The city of Fukuoka, southwestern Japan, began recognizing on Monday partnerships of lesbian, gay, bisexual and transgender couples, adding to nationwide efforts to eliminate discrimination against sexual minorities.

Fukuoka became the seventh municipality in the country to issue such proof after Tokyo's Shibuya Ward established a similar system for the first time in 2015.

Fukuoka Mayor Soichiro Takashima handed the first proof authenticating the partnership oath submitted by a couple at the city hall.

"We've already spent our lives together as a family but we're happy (to be recognized) because we feel like we received congratulations from society," said Anri Ishizaki, a 33-year-old representative of a support group for LGBT people.

Ishizaki, who was born as a female but lives as a man, visited the city hall to receive the proof together with partner Miho Yamashita, 27.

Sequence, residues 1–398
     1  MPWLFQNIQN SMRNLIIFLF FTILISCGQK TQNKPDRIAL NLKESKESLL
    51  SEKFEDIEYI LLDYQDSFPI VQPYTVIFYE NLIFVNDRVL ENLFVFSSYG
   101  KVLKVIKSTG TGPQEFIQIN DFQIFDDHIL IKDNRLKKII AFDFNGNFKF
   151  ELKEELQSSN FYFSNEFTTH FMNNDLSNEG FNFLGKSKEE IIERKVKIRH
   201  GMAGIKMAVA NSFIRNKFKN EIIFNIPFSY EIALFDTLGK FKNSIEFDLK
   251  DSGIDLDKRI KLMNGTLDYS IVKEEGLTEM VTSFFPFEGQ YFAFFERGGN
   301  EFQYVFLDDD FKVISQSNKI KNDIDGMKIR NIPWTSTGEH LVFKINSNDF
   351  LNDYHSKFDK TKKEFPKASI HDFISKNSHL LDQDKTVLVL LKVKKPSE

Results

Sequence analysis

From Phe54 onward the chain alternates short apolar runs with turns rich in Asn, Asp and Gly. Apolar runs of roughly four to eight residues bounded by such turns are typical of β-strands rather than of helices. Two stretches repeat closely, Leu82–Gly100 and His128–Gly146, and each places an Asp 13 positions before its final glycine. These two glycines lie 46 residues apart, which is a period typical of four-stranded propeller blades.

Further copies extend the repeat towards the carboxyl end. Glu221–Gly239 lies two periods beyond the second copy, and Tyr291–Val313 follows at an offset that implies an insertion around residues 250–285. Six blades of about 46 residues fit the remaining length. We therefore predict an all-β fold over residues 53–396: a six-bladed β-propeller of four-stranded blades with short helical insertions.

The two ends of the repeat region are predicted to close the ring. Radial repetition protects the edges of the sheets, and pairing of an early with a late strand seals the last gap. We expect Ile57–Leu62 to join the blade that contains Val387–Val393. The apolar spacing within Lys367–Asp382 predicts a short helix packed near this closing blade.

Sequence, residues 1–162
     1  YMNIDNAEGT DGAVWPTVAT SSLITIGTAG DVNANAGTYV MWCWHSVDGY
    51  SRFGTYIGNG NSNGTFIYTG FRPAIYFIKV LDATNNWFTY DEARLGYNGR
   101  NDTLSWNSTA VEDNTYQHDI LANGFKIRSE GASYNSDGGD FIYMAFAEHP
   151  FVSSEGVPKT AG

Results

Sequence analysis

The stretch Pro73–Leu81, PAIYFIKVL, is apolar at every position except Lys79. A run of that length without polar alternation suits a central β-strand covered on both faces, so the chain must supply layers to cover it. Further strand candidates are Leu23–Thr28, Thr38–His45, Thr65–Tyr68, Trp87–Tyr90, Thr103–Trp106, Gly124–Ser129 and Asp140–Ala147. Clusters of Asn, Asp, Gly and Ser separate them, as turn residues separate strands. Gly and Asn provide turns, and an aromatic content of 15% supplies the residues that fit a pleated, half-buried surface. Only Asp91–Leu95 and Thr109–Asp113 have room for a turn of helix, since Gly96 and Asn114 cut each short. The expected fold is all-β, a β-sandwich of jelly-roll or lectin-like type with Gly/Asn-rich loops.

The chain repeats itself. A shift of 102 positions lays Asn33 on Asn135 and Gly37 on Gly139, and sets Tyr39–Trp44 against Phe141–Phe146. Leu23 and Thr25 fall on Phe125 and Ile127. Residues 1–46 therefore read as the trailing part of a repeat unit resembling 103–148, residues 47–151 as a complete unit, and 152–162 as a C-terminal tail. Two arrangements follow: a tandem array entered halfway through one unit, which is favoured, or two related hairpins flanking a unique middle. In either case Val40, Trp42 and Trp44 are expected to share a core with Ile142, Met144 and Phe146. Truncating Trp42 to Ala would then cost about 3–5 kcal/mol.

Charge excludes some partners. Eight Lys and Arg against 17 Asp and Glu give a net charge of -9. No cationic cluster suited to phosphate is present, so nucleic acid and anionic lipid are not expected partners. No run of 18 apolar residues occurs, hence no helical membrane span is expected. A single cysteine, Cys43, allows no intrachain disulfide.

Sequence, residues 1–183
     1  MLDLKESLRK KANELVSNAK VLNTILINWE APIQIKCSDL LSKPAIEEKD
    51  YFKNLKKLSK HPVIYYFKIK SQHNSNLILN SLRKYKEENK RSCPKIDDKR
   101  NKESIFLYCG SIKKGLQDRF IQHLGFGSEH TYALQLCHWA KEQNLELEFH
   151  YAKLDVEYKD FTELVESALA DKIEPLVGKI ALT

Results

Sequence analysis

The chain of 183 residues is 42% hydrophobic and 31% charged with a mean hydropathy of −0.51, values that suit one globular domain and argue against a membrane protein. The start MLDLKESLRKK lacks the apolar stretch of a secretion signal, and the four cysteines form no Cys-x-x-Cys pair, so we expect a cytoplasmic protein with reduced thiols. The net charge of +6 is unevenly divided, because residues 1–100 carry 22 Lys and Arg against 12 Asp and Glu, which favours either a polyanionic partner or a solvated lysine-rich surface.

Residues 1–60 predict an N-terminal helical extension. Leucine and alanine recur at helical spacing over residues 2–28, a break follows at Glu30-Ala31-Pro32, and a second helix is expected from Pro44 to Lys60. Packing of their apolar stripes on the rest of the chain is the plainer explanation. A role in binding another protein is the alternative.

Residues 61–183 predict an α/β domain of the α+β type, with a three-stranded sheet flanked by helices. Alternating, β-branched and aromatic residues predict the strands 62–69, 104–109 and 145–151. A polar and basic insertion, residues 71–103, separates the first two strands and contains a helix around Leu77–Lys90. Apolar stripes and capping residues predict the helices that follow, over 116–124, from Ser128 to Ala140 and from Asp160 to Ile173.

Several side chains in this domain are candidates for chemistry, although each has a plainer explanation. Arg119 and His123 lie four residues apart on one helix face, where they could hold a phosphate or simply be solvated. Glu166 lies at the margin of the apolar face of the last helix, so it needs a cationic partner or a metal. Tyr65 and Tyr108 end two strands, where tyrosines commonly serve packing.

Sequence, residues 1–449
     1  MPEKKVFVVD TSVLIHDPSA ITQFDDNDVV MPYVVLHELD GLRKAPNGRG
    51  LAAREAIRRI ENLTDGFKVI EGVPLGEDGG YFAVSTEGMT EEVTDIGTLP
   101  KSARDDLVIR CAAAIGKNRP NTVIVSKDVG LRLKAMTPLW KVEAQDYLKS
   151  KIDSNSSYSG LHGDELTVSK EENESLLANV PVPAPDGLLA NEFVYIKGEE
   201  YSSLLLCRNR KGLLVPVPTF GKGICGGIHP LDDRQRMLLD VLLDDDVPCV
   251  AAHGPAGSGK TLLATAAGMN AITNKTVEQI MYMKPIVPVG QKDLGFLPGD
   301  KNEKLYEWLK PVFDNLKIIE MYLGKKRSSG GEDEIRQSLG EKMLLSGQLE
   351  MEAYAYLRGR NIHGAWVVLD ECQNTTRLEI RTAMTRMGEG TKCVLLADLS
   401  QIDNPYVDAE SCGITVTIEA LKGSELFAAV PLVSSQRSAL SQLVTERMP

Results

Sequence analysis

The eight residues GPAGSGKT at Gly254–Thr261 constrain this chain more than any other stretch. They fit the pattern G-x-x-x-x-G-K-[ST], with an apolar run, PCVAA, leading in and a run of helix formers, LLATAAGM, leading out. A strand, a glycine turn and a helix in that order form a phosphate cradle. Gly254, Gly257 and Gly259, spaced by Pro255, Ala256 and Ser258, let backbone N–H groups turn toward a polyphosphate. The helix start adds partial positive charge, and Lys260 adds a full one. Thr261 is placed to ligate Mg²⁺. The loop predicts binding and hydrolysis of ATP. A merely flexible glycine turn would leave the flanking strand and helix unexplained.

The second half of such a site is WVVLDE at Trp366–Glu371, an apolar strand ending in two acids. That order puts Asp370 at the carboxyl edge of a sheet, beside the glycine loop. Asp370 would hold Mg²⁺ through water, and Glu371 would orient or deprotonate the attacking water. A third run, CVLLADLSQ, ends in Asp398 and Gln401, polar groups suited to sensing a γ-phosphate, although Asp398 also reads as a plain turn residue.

The proof does not entail legal rights or obligations like marriage under the civil law. But such couples will be treated as equivalent to those that are married when they rent city-run housing or receive medical treatment at municipal hospitals.

LGBT couples need to make a reservation to receive the proof. Five other couples have made their reservations as of Monday, according to the municipal government.